The Constitution of Malaysia stipulates that a parliament lasts for five years from the day of its first sitting unless dissolved earlier by the Yang di-Pertuan Agong due to a motion of no-confidence or at the request of the Prime Minister, and a general election must be held no more than 60 days following a dissolution. The first meeting of the first session of the 15th Parliament of Malaysia was held on 19 December 2022,[12] which means the 15th Parliament (if not dissolved earlier) will automatically dissolve on 19 December 2026, and the next general election will be held by 17 February 2027.

The 222 members of the Dewan Rakyat are elected from single-member constituencies using the first-past-the-post voting system. Malaysia does not practice compulsory voting. On 16 July 2019, the Constitution (Amendment) Bill 2019 that requires a two-thirds majority of at least 148 votes from the 222-seat Dewan Rakyat to lower the voting age to 18 was passed with a total of 211 votes.[13] The 2022 general election was the first to utilize automatic voter registration of all Malaysian citizens aged 18 and above.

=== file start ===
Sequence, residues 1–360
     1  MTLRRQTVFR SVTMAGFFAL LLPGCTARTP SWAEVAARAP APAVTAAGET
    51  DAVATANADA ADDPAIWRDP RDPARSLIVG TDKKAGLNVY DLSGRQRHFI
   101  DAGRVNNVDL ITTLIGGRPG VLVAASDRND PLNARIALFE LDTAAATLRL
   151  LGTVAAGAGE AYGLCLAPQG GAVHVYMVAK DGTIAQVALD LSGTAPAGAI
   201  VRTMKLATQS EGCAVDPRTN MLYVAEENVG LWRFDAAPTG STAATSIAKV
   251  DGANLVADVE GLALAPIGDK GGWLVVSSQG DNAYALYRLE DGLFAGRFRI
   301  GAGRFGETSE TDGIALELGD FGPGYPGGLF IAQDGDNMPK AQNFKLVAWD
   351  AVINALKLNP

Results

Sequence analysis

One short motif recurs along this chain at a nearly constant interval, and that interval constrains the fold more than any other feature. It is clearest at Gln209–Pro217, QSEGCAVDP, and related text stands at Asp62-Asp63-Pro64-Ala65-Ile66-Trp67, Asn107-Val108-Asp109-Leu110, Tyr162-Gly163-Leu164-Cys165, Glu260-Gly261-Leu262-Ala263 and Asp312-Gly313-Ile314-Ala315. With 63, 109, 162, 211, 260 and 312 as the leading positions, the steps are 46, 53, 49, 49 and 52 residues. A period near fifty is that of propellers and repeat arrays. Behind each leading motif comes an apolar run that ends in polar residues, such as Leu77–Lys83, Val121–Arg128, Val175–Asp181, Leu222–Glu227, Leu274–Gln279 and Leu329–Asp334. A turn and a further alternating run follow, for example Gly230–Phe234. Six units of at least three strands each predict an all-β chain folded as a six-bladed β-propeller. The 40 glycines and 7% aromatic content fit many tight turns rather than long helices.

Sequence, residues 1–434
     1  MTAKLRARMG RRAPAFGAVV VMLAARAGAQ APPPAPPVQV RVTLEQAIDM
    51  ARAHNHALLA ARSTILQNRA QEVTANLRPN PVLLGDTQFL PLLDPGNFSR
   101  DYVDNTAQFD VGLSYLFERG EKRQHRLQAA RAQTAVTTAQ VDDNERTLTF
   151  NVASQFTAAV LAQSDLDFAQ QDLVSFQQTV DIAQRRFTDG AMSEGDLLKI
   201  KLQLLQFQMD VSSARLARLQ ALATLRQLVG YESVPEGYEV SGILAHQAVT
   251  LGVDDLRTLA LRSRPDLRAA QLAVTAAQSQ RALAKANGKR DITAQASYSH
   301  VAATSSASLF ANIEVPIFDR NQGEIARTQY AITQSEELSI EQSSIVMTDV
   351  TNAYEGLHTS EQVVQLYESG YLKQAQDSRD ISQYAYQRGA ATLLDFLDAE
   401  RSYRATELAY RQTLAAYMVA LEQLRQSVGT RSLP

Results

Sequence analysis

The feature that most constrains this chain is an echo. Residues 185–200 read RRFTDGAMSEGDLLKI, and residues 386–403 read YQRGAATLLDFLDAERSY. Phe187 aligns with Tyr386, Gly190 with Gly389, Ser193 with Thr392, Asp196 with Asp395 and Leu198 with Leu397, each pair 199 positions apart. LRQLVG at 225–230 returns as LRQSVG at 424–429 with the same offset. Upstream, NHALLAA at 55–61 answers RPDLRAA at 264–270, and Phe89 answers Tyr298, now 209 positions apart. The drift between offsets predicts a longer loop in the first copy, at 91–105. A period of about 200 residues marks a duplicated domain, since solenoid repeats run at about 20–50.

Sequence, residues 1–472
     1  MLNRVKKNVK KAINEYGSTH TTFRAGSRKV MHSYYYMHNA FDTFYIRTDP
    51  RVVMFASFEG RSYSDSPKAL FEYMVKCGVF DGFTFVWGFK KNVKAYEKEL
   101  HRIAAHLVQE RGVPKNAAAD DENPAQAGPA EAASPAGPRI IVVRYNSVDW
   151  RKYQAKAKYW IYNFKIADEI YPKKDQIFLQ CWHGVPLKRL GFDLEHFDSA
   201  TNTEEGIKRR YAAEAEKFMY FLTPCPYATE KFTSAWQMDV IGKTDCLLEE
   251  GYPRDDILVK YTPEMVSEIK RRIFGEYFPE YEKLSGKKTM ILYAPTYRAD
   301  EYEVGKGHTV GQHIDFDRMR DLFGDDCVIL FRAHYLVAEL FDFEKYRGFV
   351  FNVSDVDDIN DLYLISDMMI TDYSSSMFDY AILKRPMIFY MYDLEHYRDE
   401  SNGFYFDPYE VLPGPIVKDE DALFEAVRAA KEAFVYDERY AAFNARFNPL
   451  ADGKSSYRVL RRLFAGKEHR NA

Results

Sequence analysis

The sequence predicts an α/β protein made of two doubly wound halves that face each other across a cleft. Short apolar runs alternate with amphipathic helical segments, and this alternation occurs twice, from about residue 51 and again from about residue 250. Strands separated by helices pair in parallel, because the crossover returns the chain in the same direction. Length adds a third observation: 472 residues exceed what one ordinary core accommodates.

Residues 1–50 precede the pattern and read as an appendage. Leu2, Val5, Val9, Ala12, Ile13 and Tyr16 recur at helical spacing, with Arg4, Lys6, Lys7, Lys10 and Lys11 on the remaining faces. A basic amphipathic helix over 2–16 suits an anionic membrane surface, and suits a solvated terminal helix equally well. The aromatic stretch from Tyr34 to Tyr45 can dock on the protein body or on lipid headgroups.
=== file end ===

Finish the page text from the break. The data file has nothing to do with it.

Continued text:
The legitimacy of redelineation of electoral boundaries for the entire country are currently under review by the Election Commission (EC),[14] which is under the jurisdiction of the Prime Minister's Department. The redelineation was approved 2 months before GE14, which saw enormous malapportionment between constituencies e.g. in Selangor, Sabak Bernam has 40,000 voters but in Bangi, there are 180,000 voters. Because Article 113 of the Federal Constitution stated that the EC could only conduct a redelineation exercise after eight years from the date of the last exercise or if there was a change in the number of parliamentary seats under Article 46. If the exercise is necessary for the next general election, amendments have to be made to the Federal Constitution and have to be passed with a two-thirds majority in Dewan Rakyat.[15]